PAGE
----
Buckingham Palace is studying the implications of the new Government advice on the coronavirus and its impact on forthcoming events.
The Royal Household is hoping to inform the public of any amendments in the coming days.
Prime Minister Boris Johnson’s warning that all people in the UK, especially the over 70s, should stop all non-essential contact and travel, is likely to have a major impact on the working monarchy’s royal duties.
A Japanese state visit to the UK, the 75th anniversary of VE Day, Trooping the Colour, investitures and summer garden parties are just some of the events which are likely to be under scrutiny as to whether they will continue.
The Queen is 93, while the heir to the throne the Prince of Wales is 71 and the Duchess of Cornwall is 72.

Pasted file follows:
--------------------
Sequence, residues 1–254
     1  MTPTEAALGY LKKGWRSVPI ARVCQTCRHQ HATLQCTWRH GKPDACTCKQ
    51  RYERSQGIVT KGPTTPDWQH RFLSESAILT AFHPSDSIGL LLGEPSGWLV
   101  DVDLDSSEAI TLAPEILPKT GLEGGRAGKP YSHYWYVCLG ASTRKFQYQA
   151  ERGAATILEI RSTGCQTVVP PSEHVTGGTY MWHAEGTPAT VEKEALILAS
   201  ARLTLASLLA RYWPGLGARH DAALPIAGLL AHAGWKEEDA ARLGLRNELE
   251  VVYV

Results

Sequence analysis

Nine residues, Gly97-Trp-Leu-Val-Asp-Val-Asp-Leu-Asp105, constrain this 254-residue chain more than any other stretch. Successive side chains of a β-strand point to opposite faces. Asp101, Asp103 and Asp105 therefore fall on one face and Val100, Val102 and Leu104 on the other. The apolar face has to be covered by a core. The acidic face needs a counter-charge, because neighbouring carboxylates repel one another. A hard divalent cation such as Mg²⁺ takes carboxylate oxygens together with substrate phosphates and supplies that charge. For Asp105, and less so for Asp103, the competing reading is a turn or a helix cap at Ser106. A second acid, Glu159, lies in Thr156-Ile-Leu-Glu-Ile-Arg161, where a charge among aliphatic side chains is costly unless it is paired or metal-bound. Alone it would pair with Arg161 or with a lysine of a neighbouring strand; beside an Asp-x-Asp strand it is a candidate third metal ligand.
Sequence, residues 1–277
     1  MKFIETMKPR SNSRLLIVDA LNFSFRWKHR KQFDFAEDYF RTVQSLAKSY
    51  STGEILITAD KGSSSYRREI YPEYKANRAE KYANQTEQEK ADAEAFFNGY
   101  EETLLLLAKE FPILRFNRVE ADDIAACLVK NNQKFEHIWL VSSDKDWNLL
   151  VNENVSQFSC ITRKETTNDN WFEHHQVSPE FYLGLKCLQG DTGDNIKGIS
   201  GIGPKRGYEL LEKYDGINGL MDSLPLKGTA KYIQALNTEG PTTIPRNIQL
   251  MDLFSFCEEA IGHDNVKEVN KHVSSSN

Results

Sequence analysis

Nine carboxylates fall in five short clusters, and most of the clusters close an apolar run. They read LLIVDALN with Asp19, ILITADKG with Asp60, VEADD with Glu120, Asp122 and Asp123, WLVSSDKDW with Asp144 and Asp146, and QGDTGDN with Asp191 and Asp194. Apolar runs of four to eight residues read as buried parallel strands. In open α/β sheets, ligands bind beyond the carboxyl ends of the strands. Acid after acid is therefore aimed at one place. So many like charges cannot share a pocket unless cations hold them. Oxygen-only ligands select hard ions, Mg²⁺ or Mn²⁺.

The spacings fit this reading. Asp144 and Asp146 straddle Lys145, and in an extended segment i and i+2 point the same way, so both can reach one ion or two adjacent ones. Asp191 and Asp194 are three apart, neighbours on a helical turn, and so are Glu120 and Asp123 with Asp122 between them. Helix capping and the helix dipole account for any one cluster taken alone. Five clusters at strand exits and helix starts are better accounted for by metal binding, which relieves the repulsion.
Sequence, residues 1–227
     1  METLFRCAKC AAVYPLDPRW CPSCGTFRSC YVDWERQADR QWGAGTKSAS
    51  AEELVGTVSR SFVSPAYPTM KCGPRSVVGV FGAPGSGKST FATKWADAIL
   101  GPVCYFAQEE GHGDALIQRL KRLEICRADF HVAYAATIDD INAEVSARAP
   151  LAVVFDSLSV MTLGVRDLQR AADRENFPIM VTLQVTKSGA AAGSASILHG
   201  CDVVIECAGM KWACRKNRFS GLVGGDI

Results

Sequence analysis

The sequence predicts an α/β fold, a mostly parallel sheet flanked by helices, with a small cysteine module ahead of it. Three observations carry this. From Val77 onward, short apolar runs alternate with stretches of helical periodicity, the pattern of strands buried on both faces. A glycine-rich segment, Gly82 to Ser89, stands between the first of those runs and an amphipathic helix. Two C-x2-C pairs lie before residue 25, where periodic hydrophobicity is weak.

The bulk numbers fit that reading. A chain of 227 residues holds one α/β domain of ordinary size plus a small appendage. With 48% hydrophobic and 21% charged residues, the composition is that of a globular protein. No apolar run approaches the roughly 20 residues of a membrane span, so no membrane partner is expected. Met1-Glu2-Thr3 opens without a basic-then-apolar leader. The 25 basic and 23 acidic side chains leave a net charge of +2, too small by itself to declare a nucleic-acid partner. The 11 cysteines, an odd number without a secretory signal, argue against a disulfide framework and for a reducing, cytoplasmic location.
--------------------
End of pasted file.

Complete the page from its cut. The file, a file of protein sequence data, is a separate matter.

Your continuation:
Elizabeth II, the nation’s longest reigning monarch, is due to celebrate her 94th birthday next month, and the risk of more severe symptoms from the Covid-19 illness is greater for the elderly and those with pre-existing health conditions.
Other working royals include the Queen’s cousins the Duke of Gloucester, 75, the Duke of Kent, 84, and Princess Alexandra who is 83.
A Palace spokesman said: “We are studying the implications of the new Government advice and its impact on forthcoming events.”
The Queen returned to central London on Monday despite the coronavirus pandemic.
The Royal Standard was flying above the head of state’s official London residence Buckingham Palace – monarchy HQ.
She travelled back to the Palace following her usual weekend break at Windsor Castle in Berkshire.
She had no official public engagements on Monday, but is continuing to deal with her official papers in her famous red boxes, as well as other business of state.
The Queen postponed an away day to Cheshire this week and a later visit to Camden, while Charles and Camilla rescheduled their overseas spring tour.